Juan Manuel Santos Calderón, President of Colombia, expressed hope that after more than half a century of conflict Colombia would soon be at peace. Over the past two years, the peace process between the Government and the Fuerzas Armadas Revolucionarias de Colombia (FARC) guerrilla group in Havana had produced concrete results. The two sides had already agreed on three points of a five-point agenda: comprehensive rural development, political participation and the illicit drug problem. On the third point, an agreement was reached to continue dismantling the drug mafia, promote a national programme of crop substitution and alternative crop development and address the problem of overconsumption from a public health perspective.
Discussions on the remaining points — repercussions for victims of the conflict and the end of conflict itself — were already under way, he said, stressing the importance of victims’ rights to justice, truth and reparation. A subcommittee comprising active military and police personnel had been created to set the terms for the final bilateral ceasefire process and subsequent demobilization of guerrillas. Colombia aspired to bring good news that “the last armed conflict in the Western Hemisphere is coming to an end”.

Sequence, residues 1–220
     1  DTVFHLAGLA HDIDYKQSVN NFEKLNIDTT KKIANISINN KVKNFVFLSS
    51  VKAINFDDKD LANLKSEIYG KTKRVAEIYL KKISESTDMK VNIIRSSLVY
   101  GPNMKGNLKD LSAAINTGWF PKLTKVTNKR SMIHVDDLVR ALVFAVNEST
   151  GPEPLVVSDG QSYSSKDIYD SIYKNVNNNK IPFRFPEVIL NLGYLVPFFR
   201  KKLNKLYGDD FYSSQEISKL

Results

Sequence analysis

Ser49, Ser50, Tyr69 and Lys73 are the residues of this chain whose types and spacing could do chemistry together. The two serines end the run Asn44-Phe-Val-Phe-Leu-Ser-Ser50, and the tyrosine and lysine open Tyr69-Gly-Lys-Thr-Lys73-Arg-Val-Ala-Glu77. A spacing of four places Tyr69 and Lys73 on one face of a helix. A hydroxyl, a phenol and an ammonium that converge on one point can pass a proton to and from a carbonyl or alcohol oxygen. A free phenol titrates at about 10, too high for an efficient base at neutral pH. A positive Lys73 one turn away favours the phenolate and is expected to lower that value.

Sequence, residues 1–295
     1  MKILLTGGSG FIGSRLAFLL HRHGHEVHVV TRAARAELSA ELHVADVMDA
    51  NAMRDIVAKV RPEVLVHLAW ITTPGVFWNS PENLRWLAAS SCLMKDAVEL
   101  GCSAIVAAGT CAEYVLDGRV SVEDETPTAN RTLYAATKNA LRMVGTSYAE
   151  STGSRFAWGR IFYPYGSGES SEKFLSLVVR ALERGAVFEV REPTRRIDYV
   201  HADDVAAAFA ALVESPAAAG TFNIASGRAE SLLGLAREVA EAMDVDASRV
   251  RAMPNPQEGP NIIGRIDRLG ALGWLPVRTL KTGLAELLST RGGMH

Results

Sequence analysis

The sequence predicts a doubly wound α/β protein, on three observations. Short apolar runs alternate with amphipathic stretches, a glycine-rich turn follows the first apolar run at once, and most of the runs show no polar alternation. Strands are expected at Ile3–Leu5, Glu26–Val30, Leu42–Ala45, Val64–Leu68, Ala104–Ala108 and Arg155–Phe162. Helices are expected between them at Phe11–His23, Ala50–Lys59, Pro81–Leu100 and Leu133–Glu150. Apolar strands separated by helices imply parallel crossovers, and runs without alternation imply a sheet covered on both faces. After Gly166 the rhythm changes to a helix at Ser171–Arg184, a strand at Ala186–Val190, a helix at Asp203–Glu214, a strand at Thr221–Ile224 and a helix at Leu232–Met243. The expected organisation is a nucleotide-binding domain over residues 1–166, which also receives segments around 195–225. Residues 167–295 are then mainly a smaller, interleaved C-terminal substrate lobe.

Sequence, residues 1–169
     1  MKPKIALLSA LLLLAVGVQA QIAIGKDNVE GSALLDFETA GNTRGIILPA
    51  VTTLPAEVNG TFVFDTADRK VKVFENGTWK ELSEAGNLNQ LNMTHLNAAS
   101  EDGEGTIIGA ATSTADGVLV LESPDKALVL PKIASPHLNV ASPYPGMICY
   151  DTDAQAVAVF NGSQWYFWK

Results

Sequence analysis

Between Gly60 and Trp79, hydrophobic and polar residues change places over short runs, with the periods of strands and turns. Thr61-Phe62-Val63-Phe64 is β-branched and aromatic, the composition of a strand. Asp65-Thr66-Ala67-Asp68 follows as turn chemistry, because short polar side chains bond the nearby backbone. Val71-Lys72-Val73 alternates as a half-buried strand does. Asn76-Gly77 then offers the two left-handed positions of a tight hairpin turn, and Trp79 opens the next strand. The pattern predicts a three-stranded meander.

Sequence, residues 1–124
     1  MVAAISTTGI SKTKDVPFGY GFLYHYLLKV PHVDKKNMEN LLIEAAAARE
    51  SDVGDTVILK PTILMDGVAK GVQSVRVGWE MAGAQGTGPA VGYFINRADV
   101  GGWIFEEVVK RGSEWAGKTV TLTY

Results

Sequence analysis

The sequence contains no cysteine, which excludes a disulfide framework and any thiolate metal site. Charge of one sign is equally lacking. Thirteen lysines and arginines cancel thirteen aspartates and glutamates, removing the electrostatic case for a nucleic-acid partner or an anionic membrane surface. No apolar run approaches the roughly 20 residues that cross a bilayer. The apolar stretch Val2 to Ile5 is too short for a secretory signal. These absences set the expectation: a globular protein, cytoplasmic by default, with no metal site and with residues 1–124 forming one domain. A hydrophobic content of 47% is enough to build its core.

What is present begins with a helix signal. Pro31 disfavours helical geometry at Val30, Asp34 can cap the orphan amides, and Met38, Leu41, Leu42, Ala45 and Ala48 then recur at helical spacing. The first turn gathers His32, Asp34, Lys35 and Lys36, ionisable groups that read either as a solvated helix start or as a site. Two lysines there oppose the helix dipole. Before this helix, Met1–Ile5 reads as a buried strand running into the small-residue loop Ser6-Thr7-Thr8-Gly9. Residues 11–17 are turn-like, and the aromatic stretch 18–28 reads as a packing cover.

Colombia was not oblivious to the suffering of those who lived in places such as Syria, Iraq, Libya, the Sahel and Ukraine, and condemned the ruthless terrorism of ISIL, he said. Nor was Colombia indifferent to the suffering of so many families in Palestine and Israel, or to the loss of life due to epidemics like Ebola in West Africa. With the seventieth anniversary of the founding of the United Nations approaching, now was “a definitive moment” for the legitimacy of the Organization and its multilateral system. The global community must dissuade those who promoted permanent war.
In his own country and around the world, drug trafficking fuelled conflicts, he said. The so-called “war on drugs” had scored some successes in the Western Hemisphere, he said, drawing attention to the resolution adopted last week at the special session of the Organization of American States’ General Assembly in Guatemala. Those results would inform the special session on drugs that the United Nations had called for in 2016. He was committed to making Colombia a country at total peace with equality and the highest rate of education in Latin America by 2025.
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